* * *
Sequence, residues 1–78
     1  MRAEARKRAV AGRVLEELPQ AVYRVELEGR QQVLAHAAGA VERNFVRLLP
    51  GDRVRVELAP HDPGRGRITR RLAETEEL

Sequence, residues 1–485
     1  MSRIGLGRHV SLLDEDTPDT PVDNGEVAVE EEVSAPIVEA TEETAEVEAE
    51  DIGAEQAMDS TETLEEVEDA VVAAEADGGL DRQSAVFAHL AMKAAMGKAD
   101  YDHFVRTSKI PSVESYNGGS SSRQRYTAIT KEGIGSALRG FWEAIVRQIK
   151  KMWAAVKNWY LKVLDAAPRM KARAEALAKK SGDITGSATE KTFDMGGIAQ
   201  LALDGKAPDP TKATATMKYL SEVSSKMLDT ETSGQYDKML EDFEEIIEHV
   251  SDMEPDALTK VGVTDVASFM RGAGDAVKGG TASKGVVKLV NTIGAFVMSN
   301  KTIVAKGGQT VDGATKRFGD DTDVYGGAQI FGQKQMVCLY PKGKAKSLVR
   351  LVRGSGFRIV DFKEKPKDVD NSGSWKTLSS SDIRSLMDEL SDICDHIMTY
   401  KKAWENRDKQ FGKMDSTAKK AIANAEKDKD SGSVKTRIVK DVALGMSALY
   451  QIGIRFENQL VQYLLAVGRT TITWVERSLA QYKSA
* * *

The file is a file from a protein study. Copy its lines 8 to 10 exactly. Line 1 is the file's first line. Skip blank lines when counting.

   151  KMWAAVKNWY LKVLDAAPRM KARAEALAKK SGDITGSATE KTFDMGGIAQ
   201  LALDGKAPDP TKATATMKYL SEVSSKMLDT ETSGQYDKML EDFEEIIEHV
   251  SDMEPDALTK VGVTDVASFM RGAGDAVKGG TASKGVVKLV NTIGAFVMSN